PictureSliver was shot using the anamorphic Panavision process, which usually yields a projected ratio of approximately 2.35:1, and as far as I know it was exhibited as such. But the DVD ratio is different, framed at approx. 2.1:1. It has 16:9 anamorphic enhancement for widescreen displays, natch. My immediate thought was that the image had been cropped to attain that taller ratio, but when viewed at the correct proportions the image looks slightly stretched instead. It's almost imperceptible at times and can vary from shot to shot (it's very noticeable on the opening credits) but it's there. The reasons for this aspect ratio alteration are unclear. I would say that the most likely is that director Noyce favoured a slightly larger image size for home video, and then preferred to stretch the image rather than crop it, or used a bit of both. Maybe someone let the intern use the telecine machine that day? Whatever the reason may be, this alteration is apparently constant across all regions.
The transfer itself is very good. It's crisp and detailed, with a wonderfully filmic layer of grain that isn't hindered by lousy compression. The average bitrate on this dual-layer disc is a stonking 8.8 mb/s, so no compression artefacts here. The cool colour scheme is correctly represented, and the blazing reds that Noyce seemingly uses to indicate sex/sexuality are contained extremely well. Skin tones usually register as accurate, aside from the jogging sequence where everyone looks like they've overdone it on the fake tan. Blacks can look a little grey at times, but that's no big deal. Edge halos are virtually non-existent. There may be a few specks and marks on the source material, but that's to be expected for a film of this age.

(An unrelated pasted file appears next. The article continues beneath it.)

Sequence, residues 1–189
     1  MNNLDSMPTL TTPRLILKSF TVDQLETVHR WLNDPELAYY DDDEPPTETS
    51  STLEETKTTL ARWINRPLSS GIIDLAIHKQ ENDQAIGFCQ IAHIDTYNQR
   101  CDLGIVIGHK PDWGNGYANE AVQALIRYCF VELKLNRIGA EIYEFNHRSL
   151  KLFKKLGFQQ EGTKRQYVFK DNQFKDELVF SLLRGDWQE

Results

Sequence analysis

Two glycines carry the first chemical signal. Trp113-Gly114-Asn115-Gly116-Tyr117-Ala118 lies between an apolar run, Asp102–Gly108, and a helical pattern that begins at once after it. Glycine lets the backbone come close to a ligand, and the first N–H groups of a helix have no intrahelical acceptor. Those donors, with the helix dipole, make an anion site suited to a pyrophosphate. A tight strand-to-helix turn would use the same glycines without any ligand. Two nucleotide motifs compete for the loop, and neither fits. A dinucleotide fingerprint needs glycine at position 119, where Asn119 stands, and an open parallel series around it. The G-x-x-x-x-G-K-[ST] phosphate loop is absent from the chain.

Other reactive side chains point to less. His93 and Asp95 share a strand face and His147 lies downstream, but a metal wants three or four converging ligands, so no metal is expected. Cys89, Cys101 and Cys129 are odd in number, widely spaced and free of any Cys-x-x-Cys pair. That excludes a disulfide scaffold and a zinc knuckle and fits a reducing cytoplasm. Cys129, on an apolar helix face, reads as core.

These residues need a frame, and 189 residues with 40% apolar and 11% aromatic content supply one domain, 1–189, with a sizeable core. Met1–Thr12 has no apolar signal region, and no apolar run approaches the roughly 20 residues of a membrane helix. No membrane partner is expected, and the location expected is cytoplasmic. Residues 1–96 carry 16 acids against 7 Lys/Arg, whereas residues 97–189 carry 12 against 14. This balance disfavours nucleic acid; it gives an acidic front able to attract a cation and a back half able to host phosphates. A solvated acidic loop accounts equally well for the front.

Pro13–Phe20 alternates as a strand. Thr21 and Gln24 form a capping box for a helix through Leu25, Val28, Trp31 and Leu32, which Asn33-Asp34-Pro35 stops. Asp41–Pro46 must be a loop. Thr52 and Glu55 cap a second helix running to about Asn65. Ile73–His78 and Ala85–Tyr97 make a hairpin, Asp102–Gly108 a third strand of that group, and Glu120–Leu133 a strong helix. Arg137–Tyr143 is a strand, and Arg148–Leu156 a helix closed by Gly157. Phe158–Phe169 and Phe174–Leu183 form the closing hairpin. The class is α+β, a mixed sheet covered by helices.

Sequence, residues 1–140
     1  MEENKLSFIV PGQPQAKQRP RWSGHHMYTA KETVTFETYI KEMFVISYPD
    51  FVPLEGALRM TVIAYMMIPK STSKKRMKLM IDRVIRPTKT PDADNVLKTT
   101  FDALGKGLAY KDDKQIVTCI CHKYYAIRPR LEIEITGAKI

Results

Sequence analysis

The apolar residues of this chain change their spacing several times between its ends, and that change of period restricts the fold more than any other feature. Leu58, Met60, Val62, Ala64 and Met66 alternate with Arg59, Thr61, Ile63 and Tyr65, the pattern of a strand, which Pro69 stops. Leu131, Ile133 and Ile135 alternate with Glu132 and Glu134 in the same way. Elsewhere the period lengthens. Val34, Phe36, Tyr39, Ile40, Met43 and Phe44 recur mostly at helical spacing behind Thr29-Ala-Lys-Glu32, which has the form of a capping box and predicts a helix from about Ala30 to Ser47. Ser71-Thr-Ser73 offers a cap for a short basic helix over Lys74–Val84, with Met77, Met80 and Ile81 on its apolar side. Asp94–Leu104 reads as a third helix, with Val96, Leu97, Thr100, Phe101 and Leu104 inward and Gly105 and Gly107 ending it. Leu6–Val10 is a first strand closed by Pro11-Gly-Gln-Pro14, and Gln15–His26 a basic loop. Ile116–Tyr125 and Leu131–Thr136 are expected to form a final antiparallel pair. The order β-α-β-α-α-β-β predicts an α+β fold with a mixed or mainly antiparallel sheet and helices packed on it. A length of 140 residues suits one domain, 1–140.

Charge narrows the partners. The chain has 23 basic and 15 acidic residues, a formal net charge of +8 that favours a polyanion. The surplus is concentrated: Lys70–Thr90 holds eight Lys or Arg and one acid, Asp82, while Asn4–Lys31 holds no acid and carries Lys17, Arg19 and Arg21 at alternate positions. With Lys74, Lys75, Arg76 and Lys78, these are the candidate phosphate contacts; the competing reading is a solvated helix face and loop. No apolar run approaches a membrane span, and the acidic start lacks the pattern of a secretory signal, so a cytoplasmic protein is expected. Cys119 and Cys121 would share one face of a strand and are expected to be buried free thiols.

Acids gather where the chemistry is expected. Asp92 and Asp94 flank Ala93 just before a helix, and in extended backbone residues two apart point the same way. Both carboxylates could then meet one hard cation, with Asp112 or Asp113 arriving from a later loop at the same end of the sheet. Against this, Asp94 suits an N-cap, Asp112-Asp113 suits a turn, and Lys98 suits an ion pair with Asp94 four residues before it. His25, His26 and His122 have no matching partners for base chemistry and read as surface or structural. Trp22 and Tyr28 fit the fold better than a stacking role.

SoundThe solitary audio track on the disc is an English Dolby Digital 5.1 remix of the original Dolby Stereo SR mix, and it's a good effort overall. There's a real sense of spaciousness to it, using the rears to provide convincing ambience and directional effects when necessary. The LFE channel even awakes from its slumber from time to time. Dialogue is clean and intelligible (sadly) and the music (Howard Shore's score bulked up with some Verve, Enigma, UB40 and a classic from Massive Attack) is nicely spread across the sound stage.
ExtrasNothing. Nathan. Nada. A featurette on the troubled post-production on the film and the scads of deleted footage would've made for interesting viewing, but this disc is curiously barren. Even the trailer would've been something.
VerdictSliver is an erotic thriller that's neither erotic nor thrilling. This belated DVD version is an obvious Basic Instinct 2 cash-in produced with very little effort. While it proves to be a solid AV experience (aspect ratio oddity aside) the lack of any extra features whatsoever is a little disappointing. Still, Sharon Stone fans can finally add it to their collection.
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